Organic farmers in Europe, for the most part, have stood their ground with government regulators by enlisting the help of well-informed consumers, politically-active environmentalists, and others. They have made the case, in their own countries and in the European Union, that organic farming is in the public interest and deserves public support. Farmers in 15 EU countries who farm organically, or are converting to organic farming, can receive government payments of several hundred dollars per hectacre for up to five years. Land under organic management in Europe, as a result, has increased from about 12,000 hectares in 1986 to 1.3 million hectares 10 years later. That’s a more than 100-fold increase.
The atmosphere in Europe is much different. During a recent visit to Denmark, I picked up a copy of the government’s 128-page annual English-language guide to the organic industry. It included statistics on organic milk, beef, pork, deer, lamb, goat, grain, feed, vegetables, fruit, and berries. More than 70 organic research projects underway at state-supported universities and research centers were listed and described. It also described the state-funded organic advisory service and organic information campaign. I know this is a little off the subject. But I wanted to contrast what one tiny country is doing with how little the U.S. government, with a $1.4 trillion annual budget, is doing to support organic farming here.
The USDA rule is not the only one we need to be concerned about. A move to establish a global definition of organic and impose weak standards worldwide is underway in the Codex labeling subcommittee, which meets every spring in Ottawa, Canada. Both Tim Sullivan and I have been serving on the U.S. delegation and as members of the subcommittee’s Organic Working Group where drafts of global organic guidelines have been debated since 1992. Final action has been postponed, partly because the U.S. government wants low USDA standards in place before these guidelines are finalized and partly because it has not been able to get its way on genetic engineering and livestock standards. Adopting weak rules here would help our government pressure the Europeans, who are trying to hold the line for high standards. This U.S. pressure could make the difference in turning the tide at Codex..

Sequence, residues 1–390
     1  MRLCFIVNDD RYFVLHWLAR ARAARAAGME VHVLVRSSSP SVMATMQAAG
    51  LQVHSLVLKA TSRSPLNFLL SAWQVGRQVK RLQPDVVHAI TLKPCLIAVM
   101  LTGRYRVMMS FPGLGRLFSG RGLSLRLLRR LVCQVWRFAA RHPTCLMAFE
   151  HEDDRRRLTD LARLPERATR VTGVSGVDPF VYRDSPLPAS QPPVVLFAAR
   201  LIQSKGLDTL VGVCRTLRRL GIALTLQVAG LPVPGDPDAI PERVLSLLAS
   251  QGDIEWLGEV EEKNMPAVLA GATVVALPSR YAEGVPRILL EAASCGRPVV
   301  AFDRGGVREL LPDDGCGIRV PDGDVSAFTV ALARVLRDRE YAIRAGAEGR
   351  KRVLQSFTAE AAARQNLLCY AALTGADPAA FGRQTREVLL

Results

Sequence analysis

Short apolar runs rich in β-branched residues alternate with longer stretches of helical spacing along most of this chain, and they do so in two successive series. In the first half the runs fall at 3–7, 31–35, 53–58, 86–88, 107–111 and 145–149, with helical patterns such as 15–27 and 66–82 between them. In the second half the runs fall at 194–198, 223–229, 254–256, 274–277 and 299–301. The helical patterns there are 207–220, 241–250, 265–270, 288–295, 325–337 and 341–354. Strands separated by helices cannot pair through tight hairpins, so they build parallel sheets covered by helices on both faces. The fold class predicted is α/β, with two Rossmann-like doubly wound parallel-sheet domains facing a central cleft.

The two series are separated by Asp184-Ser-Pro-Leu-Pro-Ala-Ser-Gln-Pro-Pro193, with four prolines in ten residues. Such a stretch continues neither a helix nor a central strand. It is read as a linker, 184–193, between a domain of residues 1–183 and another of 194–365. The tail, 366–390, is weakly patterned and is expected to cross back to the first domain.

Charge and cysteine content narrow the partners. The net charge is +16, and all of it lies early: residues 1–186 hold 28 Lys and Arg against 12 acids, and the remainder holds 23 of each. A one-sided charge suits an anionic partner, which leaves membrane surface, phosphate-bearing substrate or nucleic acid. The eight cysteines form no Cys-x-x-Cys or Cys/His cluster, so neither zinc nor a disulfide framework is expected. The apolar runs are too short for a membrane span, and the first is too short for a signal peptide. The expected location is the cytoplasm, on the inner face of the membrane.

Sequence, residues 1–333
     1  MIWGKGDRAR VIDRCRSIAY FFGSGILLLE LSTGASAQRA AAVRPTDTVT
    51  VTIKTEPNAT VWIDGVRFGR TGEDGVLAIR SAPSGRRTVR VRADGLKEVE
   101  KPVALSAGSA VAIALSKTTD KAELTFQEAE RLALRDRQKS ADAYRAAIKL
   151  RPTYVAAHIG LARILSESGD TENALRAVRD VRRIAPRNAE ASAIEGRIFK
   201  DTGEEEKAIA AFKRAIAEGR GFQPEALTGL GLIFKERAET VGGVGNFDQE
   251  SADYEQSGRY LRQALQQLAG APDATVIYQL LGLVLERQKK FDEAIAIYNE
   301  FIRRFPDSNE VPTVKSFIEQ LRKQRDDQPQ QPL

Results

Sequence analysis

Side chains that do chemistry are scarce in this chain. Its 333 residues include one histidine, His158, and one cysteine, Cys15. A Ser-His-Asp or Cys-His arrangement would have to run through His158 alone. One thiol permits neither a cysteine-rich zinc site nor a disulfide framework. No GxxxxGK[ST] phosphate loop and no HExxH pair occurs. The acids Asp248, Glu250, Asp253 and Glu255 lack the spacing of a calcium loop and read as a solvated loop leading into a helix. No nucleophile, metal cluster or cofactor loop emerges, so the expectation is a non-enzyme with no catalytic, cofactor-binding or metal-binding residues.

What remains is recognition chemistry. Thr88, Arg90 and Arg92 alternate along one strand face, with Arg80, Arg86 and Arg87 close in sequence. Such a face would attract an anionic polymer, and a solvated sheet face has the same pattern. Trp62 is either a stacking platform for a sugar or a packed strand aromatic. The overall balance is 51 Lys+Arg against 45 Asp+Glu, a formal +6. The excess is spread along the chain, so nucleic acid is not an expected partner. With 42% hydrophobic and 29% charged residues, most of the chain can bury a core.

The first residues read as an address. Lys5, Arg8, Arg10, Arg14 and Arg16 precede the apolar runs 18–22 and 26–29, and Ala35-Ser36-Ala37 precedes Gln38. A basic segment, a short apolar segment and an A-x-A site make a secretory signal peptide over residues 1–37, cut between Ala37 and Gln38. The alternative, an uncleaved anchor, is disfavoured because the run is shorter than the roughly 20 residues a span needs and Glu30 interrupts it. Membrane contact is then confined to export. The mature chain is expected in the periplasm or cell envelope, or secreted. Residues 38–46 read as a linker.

This may sound a little remote to all of you here. But Codex is important and it has a long reach. It is the international tribunal that sets the rules for international trade in foodstuffs under GATT. I can assure you that what happens with USDA’s proposed rules has implications in the global arena. And that, at some point in the future, through some kind of World Trade Organization ruling, weak rules now could very well directly impact organic farming later, both here and around the world.
Another trend that suggests organic food and farming may be losing its way is the wave of organic company mergers and takeovers, venture capital investments, and Initial Public Offerings. Conventional food companies have no trouble raising money needed to buy into the organic industry. The proponents contend this is needed for the mainstreaming of organic we hear so much about. We probably should feel proud that organic company shares are now bought and sold on Wall Street.
I participated last summer in an organic business symposium and I have to say I was not reassured by what I heard. I found out, for example, that business plans required for an infusion of venture capital into an organic company often call for an exit strategy for the founder. The idea is to get rid of the people who stressed values in building these companies and replace them with corporate managers who will focus on the bottom line. I discovered at this meeting that Mel Coleman, who founded Coleman Natural Meats and built it into a wonderful company, will probably be pushed out when his company goes public. I talked to Mel about this and, with some sadness, he confirmed it.